— Jacob N. Cerone
I still remember many years ago how my curiosity about Scripture’s interpretation of Scripture was particularly piqued one day while reading F. F. Bruce’s little book on the development of Old Testament themes in the New Testament. Bruce briefly reminded this reader that the New Testament authors occasionally equate Jesus with YHWH in the Old Testament. Pausing on Jude 5, he explained how, on the most likely reading, Jude understood Jesus Christ to be “the Lord” in the Exodus-wandering narratives. I was hooked.
Since that time, especially in my lectures on biblical theology at Saint Petersburg Christian University (Russia), I have explored ways various New Testament authors use Old Testament texts, and also the broader question of the relationship between the Testaments, and my interest in the subject has only grown.
Therefore, when, about a year ago, my friend Jacob invited me to participate in a book he was pitching to Eerdmans, seeking to pair relevant Old Testament passages with corresponding ones in the New Testament, I was pretty quickly onboard. A few months later, in the spring of 2020, when the COVID-19 crisis began spreading across the planet, I found that I had some extra time on my hands to search out several hundred pairings.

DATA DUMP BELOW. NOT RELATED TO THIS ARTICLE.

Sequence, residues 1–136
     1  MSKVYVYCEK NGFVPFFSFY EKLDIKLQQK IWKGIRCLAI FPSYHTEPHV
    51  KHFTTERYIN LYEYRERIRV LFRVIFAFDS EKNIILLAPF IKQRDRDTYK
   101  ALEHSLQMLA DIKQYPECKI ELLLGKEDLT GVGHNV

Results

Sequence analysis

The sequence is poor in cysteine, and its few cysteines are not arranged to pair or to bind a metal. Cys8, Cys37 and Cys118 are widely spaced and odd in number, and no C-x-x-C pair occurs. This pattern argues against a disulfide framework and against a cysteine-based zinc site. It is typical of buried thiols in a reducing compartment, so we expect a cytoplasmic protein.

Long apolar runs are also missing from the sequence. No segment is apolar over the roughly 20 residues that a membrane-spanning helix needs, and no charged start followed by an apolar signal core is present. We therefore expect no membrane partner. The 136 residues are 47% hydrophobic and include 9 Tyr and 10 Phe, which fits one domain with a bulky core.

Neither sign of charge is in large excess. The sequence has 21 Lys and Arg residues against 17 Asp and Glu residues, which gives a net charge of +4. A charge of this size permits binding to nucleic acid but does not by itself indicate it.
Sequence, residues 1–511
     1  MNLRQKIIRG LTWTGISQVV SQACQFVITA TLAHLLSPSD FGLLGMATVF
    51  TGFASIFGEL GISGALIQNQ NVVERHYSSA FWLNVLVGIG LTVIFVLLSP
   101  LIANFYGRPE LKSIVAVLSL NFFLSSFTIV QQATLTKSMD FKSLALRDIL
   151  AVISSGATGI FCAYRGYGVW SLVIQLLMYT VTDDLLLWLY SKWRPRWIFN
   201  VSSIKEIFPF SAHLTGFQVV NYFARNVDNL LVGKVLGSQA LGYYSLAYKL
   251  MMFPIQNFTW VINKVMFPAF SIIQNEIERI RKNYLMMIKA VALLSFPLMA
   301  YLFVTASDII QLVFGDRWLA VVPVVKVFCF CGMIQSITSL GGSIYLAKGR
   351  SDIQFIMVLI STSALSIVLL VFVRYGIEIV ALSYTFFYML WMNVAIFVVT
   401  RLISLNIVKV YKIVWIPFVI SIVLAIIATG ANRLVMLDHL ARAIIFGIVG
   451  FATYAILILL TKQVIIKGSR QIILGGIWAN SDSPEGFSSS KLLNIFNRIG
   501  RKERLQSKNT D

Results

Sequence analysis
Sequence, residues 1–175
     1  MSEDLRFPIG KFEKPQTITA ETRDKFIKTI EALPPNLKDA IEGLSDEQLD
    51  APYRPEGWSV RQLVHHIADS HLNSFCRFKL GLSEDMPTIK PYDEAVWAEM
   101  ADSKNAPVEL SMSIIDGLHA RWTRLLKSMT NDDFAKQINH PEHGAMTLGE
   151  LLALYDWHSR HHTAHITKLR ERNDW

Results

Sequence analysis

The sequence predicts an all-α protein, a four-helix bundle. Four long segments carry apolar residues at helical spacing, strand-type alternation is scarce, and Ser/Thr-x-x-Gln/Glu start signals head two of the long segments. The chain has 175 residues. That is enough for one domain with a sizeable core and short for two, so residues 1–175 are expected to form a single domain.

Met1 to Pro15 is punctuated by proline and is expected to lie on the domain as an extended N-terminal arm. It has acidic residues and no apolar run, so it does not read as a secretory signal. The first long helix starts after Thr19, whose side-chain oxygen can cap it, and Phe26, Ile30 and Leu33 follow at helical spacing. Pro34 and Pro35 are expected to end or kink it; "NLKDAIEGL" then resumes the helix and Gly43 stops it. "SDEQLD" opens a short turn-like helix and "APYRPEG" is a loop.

The very process of selecting the pairings is edifying, for it not only causes the researcher to identify what kind (or kinds) of connection there may be between the two passages (e.g., linguistic, thematic, typological) but also forces him to ponder surrounding texts and the often layers of subtle interpretational strategies used by the New Testament author. I am in awe of how our great God and Savior has so arranged and intertwined the texts of the canon to form an ever-deepening and seemingly never-ending well of intrabiblical connections.
Years ago, when Jacob and I lived in the same American town and went to the same American church, I’m sure we never thought that one day we’d be collaborating on a book while living out our lives with our families in Germany and Russia. I am, therefore, very grateful for how God has providentially arranged our comings and goings, and grateful to Jacob for inviting me into this project of his.
— Matt Fisher